NEW YORK (CNNMoney.com) -- The Senate failed Tuesday to advance a bill that would have extended the deadline to file for federal unemployment insurance through next year.
Democrats sought to pass the $56.4 billion measure through unanimous consent, but Sen. Scott Brown, Republican of Massachusetts, objected, saying the extension should be paid for by rescinding unobligated discretionary funding.
The action in the Senate was largely political gamesmanship, with Democrats striving to appeal to unemployed voters as Republicans maintained their anti-deficit spending stance. Lawmakers in the House put on a similar show earlier this month.
Caught in the middle are 2 million jobless Americans who will run out of benefits in December if Congress doesn't act. For many, the last unemployment check is already in the mail.
The deadline to file for extended unemployment benefits is Nov. 30. These federal jobless payments, which last up to 73 weeks, kick in after the state-funded 26 weeks of coverage expire. These federal benefits are divided into tiers, and the jobless must apply each time they move into a new tier.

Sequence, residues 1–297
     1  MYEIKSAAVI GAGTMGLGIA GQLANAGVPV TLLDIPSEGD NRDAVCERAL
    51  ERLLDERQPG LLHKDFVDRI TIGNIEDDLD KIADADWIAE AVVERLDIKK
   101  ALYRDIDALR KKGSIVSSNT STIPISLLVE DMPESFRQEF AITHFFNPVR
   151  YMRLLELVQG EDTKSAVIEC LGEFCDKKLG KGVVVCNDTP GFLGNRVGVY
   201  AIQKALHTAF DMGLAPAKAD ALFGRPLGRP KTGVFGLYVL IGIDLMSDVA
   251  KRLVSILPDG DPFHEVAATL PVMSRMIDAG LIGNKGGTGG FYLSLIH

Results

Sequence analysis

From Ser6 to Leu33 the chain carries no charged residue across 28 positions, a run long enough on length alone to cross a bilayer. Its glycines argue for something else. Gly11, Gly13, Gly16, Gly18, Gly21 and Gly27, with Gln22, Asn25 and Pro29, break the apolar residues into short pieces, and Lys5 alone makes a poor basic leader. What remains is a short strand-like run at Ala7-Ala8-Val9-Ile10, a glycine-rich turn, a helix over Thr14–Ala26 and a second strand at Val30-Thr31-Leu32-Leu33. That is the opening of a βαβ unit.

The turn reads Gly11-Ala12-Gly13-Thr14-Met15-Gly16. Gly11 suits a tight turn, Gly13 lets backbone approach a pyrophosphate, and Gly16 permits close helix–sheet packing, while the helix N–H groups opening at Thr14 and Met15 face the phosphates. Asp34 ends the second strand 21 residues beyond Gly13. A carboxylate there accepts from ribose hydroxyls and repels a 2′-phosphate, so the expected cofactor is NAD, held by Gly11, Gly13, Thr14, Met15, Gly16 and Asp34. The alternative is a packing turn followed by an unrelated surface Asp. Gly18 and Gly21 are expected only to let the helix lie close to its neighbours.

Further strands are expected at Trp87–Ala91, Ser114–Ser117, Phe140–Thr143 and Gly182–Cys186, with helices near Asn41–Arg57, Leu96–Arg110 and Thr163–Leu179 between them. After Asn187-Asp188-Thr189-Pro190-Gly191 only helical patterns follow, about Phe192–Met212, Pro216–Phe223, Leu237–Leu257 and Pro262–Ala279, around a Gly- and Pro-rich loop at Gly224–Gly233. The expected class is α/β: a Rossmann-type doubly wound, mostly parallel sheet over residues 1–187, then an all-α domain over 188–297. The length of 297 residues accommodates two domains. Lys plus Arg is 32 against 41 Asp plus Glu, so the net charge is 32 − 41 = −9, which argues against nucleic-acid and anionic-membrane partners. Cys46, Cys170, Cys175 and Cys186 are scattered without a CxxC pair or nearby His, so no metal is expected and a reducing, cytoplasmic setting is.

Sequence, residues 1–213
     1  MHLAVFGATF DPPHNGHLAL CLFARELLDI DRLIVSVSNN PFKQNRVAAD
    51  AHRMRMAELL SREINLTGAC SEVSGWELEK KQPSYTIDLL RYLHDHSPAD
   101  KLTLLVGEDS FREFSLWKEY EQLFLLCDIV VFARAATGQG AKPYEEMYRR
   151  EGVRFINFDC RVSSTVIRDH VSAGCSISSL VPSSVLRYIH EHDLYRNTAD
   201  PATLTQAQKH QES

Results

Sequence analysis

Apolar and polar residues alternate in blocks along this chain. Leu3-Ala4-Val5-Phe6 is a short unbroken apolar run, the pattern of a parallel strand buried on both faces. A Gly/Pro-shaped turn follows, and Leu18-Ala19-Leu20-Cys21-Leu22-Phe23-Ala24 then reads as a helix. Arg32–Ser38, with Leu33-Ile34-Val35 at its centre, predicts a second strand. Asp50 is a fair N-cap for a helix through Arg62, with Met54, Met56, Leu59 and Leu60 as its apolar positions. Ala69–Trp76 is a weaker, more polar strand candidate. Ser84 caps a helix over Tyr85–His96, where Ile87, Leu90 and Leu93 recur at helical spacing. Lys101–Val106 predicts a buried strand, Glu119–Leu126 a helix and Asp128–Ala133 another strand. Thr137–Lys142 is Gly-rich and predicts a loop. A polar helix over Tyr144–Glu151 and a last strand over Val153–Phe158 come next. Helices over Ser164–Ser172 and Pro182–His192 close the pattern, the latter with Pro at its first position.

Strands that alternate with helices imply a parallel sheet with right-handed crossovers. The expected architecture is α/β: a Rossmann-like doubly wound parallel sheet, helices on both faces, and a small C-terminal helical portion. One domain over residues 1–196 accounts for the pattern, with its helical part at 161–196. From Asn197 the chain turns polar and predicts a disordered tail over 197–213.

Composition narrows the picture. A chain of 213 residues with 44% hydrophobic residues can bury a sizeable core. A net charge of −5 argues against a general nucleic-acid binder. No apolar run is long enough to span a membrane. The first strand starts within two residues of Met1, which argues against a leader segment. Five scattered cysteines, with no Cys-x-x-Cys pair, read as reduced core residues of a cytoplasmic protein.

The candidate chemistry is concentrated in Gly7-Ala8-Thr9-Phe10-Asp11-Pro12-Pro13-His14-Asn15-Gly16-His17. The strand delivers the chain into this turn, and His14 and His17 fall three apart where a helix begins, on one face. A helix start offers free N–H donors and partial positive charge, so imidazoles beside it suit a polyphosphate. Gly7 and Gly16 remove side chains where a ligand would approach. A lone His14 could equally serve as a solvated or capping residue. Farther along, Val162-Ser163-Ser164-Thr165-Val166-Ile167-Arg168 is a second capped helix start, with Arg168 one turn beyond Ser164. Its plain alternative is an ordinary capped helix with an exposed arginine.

Congress has extended the deadline to file those applications four times in the past year. The last jobless benefits extension -- which lasted six months and cost $34 billion -- faced a lot of opposition on deficit-conscious Capitol Hill before it finally passed in mid-July.
Roughly 14.8 million Americans are unemployed, with about 6.2 million of them out of work for at least 27 weeks. About 8.5 million people are collecting unemployment insurance.
The jobless have collected $319 billion in unemployment benefits over the past three years, with the federal government footing $109 billion of the bill.
Malaysian budget carrier AirAsia says it's gotten the all clear from U.S. authorities to fly its passenger jets to American airports. More
Canada's ambassador to the United States signaled that Canada would consider a trade deal that would exclude Mexico. More
Entrepreneur Cindy Gallop, the founder of Make Love Not Porn, wants to combat the fact that sex is still considered taboo. The world needs sex tech now more than ever, she argues. More
In 1998, Ntsiki Biyela won a scholarship to study wine making. Now she's about to launch her own brand. More